Wednesday, February 2, 2011, 12:33 PM

Privacy Bulletin: Issue No. 52

In the News
Supreme Court Finds Privacy Rights of U.S. Workers Outweighed by Government Security Interests: On January 19, 2011, the U.S. Supreme Court ruled in NASA v. Nelson, No. 09-530, that the federal government has broad discretion to make inquiries of workers and their job references. The Court overruled the 9th Circuit’s findings that questioning workers about prior drug counseling and treatment and asking their references for adverse information about them violated workers’ rights to privacy. The Court declined to address whether the questions implicated privacy rights. The Court instead focused on the government’s interest in protecting against security risks, effectively limiting its decisions to cases involving government workers. Some privacy advocates believe the case may ultimately have more far-reaching implications, especially as it comes months after the Court decided in Quon that text message searches by government agencies can be constitutionally conducted. The decision was decided 8-0, with Justices Scalia and Thomas concurring, noting that they believe that the Constitution does not protect informational privacy. Justice Elena Kagan recused herself from the case due to prior involvement in the case.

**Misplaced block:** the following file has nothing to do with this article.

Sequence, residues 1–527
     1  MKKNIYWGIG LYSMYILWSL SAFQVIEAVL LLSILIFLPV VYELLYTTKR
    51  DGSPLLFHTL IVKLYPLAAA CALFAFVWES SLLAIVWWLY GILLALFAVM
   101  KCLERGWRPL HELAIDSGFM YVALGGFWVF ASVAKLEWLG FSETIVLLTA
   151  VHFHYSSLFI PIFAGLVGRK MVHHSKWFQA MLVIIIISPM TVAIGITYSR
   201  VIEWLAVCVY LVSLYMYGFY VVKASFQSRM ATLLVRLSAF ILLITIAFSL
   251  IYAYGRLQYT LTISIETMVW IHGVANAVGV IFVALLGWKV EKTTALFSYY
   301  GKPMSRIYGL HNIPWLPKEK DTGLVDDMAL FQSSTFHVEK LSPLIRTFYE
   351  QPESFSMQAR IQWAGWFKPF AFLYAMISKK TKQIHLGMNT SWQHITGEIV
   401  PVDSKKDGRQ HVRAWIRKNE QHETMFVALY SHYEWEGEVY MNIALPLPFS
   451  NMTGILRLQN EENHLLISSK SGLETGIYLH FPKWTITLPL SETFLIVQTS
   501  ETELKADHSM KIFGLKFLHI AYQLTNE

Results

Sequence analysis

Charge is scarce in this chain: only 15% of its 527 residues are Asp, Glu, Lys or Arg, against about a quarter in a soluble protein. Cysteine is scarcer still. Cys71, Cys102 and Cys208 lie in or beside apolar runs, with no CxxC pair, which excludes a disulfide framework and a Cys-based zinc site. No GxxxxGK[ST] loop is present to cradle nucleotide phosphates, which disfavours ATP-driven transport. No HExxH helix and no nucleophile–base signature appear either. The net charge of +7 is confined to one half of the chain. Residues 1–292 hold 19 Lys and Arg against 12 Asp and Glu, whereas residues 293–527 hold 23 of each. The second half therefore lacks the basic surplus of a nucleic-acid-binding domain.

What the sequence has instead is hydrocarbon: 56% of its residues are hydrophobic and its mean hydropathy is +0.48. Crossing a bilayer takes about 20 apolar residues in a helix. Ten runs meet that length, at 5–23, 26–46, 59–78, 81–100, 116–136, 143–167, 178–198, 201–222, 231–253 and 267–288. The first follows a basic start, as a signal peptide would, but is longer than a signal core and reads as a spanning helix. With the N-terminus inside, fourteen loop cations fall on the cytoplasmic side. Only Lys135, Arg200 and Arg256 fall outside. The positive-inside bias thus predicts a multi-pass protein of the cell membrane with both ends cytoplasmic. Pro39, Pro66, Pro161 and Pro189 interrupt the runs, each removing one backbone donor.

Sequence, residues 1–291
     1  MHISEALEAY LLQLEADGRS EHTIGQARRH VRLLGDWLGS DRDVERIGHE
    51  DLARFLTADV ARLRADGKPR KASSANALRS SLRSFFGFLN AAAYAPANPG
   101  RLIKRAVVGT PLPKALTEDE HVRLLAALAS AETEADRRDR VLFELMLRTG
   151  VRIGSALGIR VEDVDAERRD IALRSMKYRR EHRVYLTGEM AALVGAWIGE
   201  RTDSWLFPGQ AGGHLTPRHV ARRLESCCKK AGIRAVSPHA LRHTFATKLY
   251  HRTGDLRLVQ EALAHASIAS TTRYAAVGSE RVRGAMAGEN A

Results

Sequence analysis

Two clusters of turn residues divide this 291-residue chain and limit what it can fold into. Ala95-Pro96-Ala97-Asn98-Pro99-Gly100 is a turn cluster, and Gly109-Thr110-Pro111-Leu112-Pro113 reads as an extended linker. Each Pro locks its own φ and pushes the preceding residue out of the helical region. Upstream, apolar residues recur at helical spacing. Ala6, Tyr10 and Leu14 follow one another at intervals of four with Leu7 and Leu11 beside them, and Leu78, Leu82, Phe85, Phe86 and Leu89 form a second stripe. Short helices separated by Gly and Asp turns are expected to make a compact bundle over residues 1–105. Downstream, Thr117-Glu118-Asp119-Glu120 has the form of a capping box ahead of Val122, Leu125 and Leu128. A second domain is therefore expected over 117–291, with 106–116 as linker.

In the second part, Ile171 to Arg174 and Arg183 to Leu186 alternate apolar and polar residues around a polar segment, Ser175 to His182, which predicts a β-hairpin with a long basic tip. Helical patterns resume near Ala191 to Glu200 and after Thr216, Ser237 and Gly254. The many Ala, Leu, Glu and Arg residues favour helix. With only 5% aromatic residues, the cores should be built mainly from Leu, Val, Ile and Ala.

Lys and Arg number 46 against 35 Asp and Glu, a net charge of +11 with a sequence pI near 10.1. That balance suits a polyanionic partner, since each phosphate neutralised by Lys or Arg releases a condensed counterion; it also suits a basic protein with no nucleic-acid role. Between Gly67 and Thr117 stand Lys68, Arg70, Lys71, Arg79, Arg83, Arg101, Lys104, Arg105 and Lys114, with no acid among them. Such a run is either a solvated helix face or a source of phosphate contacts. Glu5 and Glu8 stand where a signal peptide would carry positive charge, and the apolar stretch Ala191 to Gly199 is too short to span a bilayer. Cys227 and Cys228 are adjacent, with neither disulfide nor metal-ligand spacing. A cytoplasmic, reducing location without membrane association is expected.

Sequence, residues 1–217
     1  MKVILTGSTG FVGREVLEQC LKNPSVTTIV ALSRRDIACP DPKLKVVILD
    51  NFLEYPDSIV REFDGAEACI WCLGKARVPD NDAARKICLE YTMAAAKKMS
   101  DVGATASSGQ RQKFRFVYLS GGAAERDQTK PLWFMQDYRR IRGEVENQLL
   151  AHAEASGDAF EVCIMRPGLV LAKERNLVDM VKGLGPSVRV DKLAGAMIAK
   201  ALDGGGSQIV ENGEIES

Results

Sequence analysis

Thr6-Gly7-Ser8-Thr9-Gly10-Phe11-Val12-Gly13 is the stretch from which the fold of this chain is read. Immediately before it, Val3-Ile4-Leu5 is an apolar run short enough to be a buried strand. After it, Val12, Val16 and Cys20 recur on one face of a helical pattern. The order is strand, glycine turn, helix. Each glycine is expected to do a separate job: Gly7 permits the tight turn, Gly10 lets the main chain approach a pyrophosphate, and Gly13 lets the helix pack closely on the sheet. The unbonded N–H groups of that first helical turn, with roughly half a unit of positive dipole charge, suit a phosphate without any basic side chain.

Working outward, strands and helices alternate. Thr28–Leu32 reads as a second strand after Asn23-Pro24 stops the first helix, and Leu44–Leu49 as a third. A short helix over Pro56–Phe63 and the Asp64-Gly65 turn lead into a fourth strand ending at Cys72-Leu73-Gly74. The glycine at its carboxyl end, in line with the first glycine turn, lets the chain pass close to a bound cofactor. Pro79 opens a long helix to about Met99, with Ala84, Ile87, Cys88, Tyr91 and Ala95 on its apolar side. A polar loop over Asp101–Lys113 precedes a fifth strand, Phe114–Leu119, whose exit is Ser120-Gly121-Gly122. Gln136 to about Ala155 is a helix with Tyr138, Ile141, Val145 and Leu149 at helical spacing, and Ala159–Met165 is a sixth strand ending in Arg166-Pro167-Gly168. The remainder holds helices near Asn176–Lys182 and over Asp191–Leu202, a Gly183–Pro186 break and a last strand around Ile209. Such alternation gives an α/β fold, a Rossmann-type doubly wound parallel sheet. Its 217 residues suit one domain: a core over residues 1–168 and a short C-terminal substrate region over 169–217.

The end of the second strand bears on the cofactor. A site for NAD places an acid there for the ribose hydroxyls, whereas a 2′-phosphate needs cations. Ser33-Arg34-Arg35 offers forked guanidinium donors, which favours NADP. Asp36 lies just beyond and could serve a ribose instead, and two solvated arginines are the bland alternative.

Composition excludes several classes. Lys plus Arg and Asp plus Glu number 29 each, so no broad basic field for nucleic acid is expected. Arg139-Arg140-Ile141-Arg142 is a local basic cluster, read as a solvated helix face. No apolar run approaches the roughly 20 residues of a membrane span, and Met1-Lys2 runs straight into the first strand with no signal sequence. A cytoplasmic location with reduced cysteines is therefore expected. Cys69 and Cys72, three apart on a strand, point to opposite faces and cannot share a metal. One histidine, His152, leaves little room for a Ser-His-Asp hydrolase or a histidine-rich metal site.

Supreme Court Considers Whether Corporations Can Invoke FOIA Privacy Provision: On January 19, 2011, the Supreme Court heard oral arguments in FCC v. AT&T, No. 09-1279 to determine whether 5 U.S.C. 552(b)(7)(C), which exempts from FOIA requirements all disclosures that could reasonably be expected to constitute an unwarranted invasion of "personal privacy," protects the privacy of corporate entities. AT&T objects to certain disclosures requested by competitor Comptel in 2005 relating to a 2004 FCC investigation of the telephone company’s billing practices. The 3rd Circuit, in finding for AT&T in the case below, held that “Corporations, like human beings, face public embarrassment, harassment and stigma because of” involvement in law enforcement investigations and should, therefore, be protected from disclosing the results of those investigations to the public.

South Carolina State Insurance Program Breached: On January 14, 2011, the state Budget and Control Board notified individuals insured by the State Employee Insurance Program that their personal information may have been breached. A computer virus attack may have compromised the personal information of up to 5,600 state employees and their dependents, officials say. A spokesman for Governor Nikki Haley said that the state Budget and Control Board had just voted to hire a new director, Eleanor Kitzman, who will ensure “something like this never happens again.”

Rep. Cohen Reintroduces Legislation to Limit Use of Credit Reports by Employers: On January 20, 2011, U.S. Representative Steve Cohen (D-Tenn.) reintroduced the Equal Employment for All Act (H.R. 321) in the House. The Act would prohibit employers from using the credit reports of employees and prospective employees to make employment decisions including hiring, promotions, transfers and terminations. The practice of using credit reports to make employment decisions has been criticized by the Equal Employment Opportunity Commission which recently filed a class action suit claiming the process violates the Civil Rights Act because it has a disparate impact on minorities. Rep. Cohen first introduced the Equal Employment for All Act in August 2009.